• Billionaires and get-rich quick core salesmen presenting a different image of themselves to the world than who they really are behind closed doors probably won't surprise most of you.


  • But there are two ways this lie's hurting the personal finances of regular people.


  • The first way is simply the financial harm that buying into the trope of the relatable millionaire or billionaire can do to people who follow them blindly.  


  • Successful people telling regular people to cut down on luxuries to improve their financial situation is fine.


  • But if they are telling them to cut down on luxuries to take on a side hustle so they can spend their money on a course instead, that's obviously bad.


  • And it tragically happens all the time.


  • It's easier for people with something to sell to ask people to cut down on discretionary spending if they have already built up a personal brand around driving a cheap car and living in a tiny house even after they become a millionaire.


  • Being a Frugal millionaire is also easier to fake if the supposed millionaires ever get questioned about the legitimacy of their own success.


  • Obviously, grifter building an image so that they can sell a bad investment or overpriced course are going to do serious financial damage to the people they rope into their schemes.


  • But even the billionaires paying their PR teams to get them positive media coverage about how relatable they are are still doing damage to a lot of people's personal finances


  • Because they are reinforcing a common trope in personal finance that everybody's financial problems are caused by them spending too much.


  • The lies that very wealthy people tell about their humble cars, basic homes and average lifestyle makes it easy to guilt people for enjoying little luxuries,


  • because if Warren Buffett drives an old car, why do you need a new one?


  • This does not excuse the reckless spending that a lot of Americans are guilty of, but it does take the attention away from their income.


  • After a certain point, people can't improve their personal financial situation by being more frugal; they need to increase their income.


  • And that's the third reason that billionaires spend too much money on looking poor.


  • It helps them keep their workers in line.


  • The accounting firm Ernst & Young in a report estimated that the number of family offices in the world had doubled between 2001 and 2016.


  • Family offices are investment firms dedicated exclusively to to managing the wealth of a single family.

    2001年および2016年 ファミリー・オフィスは、富の運用に特化した投資会社である。

  • When you and I have some shares on Robin Hood or Schwab, the ultra rich keep their money in family offices.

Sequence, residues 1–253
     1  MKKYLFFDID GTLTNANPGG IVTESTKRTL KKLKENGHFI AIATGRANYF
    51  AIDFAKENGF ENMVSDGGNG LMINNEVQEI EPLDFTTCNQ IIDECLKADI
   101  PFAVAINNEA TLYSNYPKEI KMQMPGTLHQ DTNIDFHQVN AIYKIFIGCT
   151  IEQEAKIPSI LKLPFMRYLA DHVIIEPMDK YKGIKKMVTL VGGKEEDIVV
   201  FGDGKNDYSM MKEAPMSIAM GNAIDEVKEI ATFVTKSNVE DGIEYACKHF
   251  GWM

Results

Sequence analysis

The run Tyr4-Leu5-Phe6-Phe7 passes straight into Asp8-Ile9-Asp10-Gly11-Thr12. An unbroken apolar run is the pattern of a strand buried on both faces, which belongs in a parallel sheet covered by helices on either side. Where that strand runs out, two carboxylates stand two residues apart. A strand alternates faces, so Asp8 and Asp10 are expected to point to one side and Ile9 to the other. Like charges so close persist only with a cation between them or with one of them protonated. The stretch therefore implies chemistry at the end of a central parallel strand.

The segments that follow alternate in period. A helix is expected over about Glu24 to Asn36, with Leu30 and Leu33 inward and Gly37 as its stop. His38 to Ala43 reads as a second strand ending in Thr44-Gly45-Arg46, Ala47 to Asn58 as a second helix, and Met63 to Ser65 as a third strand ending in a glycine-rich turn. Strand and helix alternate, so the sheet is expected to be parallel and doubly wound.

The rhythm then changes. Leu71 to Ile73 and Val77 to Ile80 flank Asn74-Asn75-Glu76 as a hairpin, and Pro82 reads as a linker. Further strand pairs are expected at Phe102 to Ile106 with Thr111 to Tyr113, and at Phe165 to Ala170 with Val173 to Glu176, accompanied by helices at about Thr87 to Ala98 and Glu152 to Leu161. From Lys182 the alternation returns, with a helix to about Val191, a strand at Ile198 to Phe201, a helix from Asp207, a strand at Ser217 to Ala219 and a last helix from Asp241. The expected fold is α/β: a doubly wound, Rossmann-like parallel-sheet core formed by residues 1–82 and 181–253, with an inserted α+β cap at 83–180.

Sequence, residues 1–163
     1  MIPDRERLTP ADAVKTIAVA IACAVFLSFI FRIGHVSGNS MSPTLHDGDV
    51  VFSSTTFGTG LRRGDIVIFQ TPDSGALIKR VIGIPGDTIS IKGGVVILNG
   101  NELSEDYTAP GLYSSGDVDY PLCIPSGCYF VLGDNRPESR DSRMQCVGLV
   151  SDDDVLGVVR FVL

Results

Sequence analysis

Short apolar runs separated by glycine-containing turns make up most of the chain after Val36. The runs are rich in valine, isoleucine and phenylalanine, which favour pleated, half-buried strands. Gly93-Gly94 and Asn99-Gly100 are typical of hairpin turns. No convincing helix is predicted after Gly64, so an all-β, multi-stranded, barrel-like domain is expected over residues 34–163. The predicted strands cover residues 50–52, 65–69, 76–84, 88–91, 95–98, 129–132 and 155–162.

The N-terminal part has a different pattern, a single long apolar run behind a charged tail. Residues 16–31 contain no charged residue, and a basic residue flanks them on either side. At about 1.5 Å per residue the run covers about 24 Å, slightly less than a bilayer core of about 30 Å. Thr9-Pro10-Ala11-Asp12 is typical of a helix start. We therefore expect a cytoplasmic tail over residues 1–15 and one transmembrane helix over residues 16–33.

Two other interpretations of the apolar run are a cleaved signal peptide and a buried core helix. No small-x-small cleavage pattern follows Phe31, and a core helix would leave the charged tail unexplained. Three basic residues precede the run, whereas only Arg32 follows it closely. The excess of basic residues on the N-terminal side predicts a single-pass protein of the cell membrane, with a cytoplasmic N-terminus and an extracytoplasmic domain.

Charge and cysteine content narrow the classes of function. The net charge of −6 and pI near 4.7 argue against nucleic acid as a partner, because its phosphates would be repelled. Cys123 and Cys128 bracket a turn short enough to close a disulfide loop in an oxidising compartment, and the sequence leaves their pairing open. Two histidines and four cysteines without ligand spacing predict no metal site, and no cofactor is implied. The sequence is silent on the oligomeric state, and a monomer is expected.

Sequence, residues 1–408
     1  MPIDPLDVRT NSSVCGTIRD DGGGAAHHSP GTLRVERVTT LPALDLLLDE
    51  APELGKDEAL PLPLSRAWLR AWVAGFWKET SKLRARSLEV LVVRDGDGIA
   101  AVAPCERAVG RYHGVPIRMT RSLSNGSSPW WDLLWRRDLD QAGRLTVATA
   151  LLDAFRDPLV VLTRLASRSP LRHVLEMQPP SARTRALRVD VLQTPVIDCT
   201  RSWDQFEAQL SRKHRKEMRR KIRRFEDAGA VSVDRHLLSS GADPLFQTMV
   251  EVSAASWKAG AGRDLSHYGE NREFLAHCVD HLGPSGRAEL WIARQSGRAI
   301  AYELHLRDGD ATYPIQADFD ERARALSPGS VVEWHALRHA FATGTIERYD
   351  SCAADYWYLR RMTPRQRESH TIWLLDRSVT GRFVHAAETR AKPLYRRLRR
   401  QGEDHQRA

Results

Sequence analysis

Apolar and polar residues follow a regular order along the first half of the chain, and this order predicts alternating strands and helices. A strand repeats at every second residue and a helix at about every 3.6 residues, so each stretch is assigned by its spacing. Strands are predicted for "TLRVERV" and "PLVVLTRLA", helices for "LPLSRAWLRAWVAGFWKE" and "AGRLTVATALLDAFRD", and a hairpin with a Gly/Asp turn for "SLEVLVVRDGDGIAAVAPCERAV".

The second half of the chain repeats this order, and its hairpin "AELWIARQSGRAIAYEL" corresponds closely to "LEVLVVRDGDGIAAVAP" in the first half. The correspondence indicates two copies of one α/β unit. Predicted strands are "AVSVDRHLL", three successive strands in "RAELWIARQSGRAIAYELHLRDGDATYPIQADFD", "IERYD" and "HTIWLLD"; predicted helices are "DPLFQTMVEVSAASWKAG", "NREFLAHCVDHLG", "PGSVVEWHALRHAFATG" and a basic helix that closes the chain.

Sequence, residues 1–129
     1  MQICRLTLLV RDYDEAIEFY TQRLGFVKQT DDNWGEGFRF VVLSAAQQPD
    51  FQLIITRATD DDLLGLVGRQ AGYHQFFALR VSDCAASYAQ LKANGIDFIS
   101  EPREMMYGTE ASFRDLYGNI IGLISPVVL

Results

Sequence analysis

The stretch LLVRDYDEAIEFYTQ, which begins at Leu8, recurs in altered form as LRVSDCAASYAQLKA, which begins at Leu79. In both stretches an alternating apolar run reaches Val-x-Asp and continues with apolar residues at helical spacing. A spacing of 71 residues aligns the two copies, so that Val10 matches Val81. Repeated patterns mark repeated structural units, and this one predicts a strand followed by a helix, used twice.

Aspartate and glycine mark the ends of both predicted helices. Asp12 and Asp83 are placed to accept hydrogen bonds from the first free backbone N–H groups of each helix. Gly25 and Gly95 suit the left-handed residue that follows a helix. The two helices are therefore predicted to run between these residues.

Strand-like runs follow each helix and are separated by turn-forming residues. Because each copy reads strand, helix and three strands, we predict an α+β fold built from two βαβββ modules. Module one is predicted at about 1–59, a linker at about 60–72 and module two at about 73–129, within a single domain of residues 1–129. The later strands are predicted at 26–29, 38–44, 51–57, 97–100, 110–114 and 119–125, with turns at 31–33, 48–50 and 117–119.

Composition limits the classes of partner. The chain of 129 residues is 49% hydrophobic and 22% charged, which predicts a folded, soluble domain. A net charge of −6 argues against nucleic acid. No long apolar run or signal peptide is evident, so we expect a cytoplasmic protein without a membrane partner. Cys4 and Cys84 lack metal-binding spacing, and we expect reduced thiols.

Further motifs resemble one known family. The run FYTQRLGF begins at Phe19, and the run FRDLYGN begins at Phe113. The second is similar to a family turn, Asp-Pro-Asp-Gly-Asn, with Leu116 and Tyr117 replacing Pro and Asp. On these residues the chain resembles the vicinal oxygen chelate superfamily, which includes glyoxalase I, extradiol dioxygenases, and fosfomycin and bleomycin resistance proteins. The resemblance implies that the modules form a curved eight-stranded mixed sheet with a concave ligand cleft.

• An article by Barron's reported that one of the fastest growing expenses for these firms was public relations


  • Many of these family offices are so big that they now have as much influence as private equity firms.


  • And with influence comes scrutiny.


  • Private equity firms are some of the most hated financial institutions because they have a long history of bankrupting beloved companies and laying off thousands of workers all to try and turn a slight better profit.


  • Right. That's exactly right. What we've seen you know in industry after industry where private equity buys up uh businesses is that they're really responsible for some of the worst most abusive business practices in the country.


  • The scrutiny has been very bad for private equity but the anger is only directed towards the managing partners of these companies.


  • When a family office does the same thing, public outrage over job cuts would be blamed on the family , nd that's wheregood PR team is employed.


  • It's easy for workers to demand better wages from a company owner who is photographed lounging on a super yacht.


  • It's easier for a company owner to push back against worker demands when all of their public profile is about how they try to save every scent they can in the name of their business.


  • The author of the article concluded that "Cporations became people, as people, too, became corporations. And every corporation needs a media relations department."


  • Now, billionaires have been getting very good at this but there is one that stands out above all the rest.


  • Go and watch my latest video over on How History Works to find out how Rupert Murdoch went from card carrying socialist to a billionaire by turning conservative news into entertainment.

    レルト・マードックがどうなったか、私の最新ビデオ「How history Works」を見てほしい。保守的なニュースをエンターテインメントに変え、社会主義者から億万長者になった。

  • And don't forget for more hard-hitting reports that can't be made into YouTube videos written by some of the best finance creators out there and myself,


  • subscribe to the totally free email newsletter compounded daily in the video description to keep on learning how money works.


Billionaires are not like you or me, but it's really important for them that you think they are.